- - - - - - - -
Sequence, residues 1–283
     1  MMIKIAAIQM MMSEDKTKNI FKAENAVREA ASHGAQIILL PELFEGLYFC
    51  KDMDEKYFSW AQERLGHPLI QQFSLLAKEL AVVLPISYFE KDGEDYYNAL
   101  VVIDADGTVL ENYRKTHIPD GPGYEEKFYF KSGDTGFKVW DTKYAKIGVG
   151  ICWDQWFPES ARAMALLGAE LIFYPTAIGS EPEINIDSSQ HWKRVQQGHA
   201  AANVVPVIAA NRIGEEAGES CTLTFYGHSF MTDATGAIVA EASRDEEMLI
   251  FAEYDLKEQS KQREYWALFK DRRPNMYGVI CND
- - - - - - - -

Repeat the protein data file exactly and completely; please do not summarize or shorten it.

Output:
Sequence, residues 1–283
     1  MMIKIAAIQM MMSEDKTKNI FKAENAVREA ASHGAQIILL PELFEGLYFC
    51  KDMDEKYFSW AQERLGHPLI QQFSLLAKEL AVVLPISYFE KDGEDYYNAL
   101  VVIDADGTVL ENYRKTHIPD GPGYEEKFYF KSGDTGFKVW DTKYAKIGVG
   151  ICWDQWFPES ARAMALLGAE LIFYPTAIGS EPEINIDSSQ HWKRVQQGHA
   201  AANVVPVIAA NRIGEEAGES CTLTFYGHSF MTDATGAIVA EASRDEEMLI
   251  FAEYDLKEQS KQREYWALFK DRRPNMYGVI CND